1. What is the new legislation?
The Economic Crime (Transparency and Enforcement) Act 2022 (“the Act”) introduced a new Register of Overseas Entities (“the Register”) at Companies House for overseas entities which own certain property registered at Land Registry in England & Wales. The Register was launched on 1 August 2022.
The Act requires all ‘overseas entities’ to be registered on the Register at Companies House by 31 January 2023 and to disclose their beneficial owners. Details must also be submitted to Companies House of any transfer, lease of more than 7 years or legal charge entered into by the entity since 28 February 2022. The introduction of the Register will affect property transactions and their registration at Land Registry.
2. What is an ‘overseas entity’?
A corporate body, partnership or other entity that is a legal person governed by a law of a country or territory outside the United Kingdom. However, overseas individuals owning property in the UK in their own name or via a UK corporate vehicle are unaffected by the new registration requirements of the Act.
3. Does the Act affect all property transactions?
No – the Act applies to freeholds, legal charges and leases for more than 7 years that are or will be registered at Land Registry in the name of an overseas entity. There is an exemption for overseas entities if they were registered as proprietor before 1 January 1999, in which case they do not have to register. Land Registry will enter a restriction on the title of all applicable property owned by an overseas entity.
4. What will the restriction do?
The restriction on title will prevent the registration of any transfer, legal charge or lease for more than 7 years unless the overseas entity is registered on the Register at the date of the transaction (and crucially, not the date of the application to Land Registry).
5. How does this affect me?
An application to register an applicable transaction made to Land Registry with effect from 5 September 2022 will be rejected if the overseas entity is not already registered on the Register. This includes registration of legal charges. This means that other applications could be made at Land Registry against the property in priority to the registration of the affected transaction.
This therefore impacts:
6. How do I comply with the new rules?
An application to register should be made as soon as possible to Companies House by the overseas entity, by providing the prescribed information about the entity, its beneficial owners (including where a beneficial owner is a trustee, about the trust) and its officers. Note that most of the information (save for certain personal details and trusts information) will be made publicly available on the Register. There is a £100 fee to register.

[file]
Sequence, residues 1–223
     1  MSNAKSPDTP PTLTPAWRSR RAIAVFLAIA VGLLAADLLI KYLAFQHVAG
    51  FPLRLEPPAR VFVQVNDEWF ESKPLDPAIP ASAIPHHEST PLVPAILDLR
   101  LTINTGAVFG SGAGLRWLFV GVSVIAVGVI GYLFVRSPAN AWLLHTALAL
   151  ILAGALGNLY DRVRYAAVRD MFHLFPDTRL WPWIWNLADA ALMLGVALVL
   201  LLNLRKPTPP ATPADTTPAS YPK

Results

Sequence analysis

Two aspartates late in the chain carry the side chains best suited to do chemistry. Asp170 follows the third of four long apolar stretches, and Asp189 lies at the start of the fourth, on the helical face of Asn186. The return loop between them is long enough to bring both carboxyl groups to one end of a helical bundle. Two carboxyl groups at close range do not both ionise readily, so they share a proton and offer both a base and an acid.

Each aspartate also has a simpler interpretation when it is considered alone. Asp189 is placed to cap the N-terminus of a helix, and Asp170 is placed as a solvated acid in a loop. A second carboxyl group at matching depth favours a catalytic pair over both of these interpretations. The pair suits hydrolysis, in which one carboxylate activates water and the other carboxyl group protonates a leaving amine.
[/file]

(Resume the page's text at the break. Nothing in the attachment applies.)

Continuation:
Before the application is made to Companies House each beneficial owner must be served with an information notice which requires them to provide certain information – the beneficial owner has one month to respond.
A “relevant person” independent of the overseas entity and beneficial owner(s) must also verify the information being submitted to Companies House. The relevant person includes UK regulated credit and financial institutions, auditors, insolvency practitioners, accountants and tax advisors, company secretarial providers, independent legal professionals and estate agents in the UK. Locke Lord (UK) LLP are not offering the verification service currently but we can make introductions to a number of providers for this service in the market.
Once the application is accepted by Companies House an overseas ID number will be provided which will enable the overseas entity to register property transactions at Land Registry.
7. Are there ongoing obligations after initial registration?
Yes. The overseas entity must update the information on the Register annually otherwise the overseas ID number will be invalidated.
8. What happens if an overseas entity does not comply?
There are criminal sanctions for both the overseas entity and its officers, punishable by a fine of up to £2,500 per day and/or imprisonment of up to five years. The above Land Registry restrictions will also continue to apply when buying, selling, transferring, leasing or charging property in England and Wales.
Note: The Act affects the United Kingdom but these FAQs only cover the position relating to property in England and Wales.
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